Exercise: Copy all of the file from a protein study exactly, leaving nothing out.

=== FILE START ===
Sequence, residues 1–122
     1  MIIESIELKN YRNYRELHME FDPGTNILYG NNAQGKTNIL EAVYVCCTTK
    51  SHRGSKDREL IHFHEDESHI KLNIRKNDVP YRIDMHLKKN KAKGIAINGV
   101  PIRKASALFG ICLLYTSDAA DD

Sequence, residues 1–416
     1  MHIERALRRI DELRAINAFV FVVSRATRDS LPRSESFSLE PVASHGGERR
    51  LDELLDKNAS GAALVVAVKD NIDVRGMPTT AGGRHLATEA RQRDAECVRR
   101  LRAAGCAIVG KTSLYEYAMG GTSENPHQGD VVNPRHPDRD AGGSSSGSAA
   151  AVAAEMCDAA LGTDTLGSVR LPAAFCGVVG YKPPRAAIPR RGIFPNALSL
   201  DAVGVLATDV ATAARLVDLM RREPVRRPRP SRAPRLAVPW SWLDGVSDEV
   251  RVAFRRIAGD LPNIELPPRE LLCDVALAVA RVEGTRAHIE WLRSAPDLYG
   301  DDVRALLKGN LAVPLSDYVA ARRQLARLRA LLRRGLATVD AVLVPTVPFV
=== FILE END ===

Sequence, residues 1–122
     1  MIIESIELKN YRNYRELHME FDPGTNILYG NNAQGKTNIL EAVYVCCTTK
    51  SHRGSKDREL IHFHEDESHI KLNIRKNDVP YRIDMHLKKN KAKGIAINGV
   101  PIRKASALFG ICLLYTSDAA DD

Sequence, residues 1–416
     1  MHIERALRRI DELRAINAFV FVVSRATRDS LPRSESFSLE PVASHGGERR
    51  LDELLDKNAS GAALVVAVKD NIDVRGMPTT AGGRHLATEA RQRDAECVRR
   101  LRAAGCAIVG KTSLYEYAMG GTSENPHQGD VVNPRHPDRD AGGSSSGSAA
   151  AVAAEMCDAA LGTDTLGSVR LPAAFCGVVG YKPPRAAIPR RGIFPNALSL
   201  DAVGVLATDV ATAARLVDLM RREPVRRPRP SRAPRLAVPW SWLDGVSDEV
   251  RVAFRRIAGD LPNIELPPRE LLCDVALAVA RVEGTRAHIE WLRSAPDLYG
   301  DDVRALLKGN LAVPLSDYVA ARRQLARLRA LLRRGLATVD AVLVPTVPFV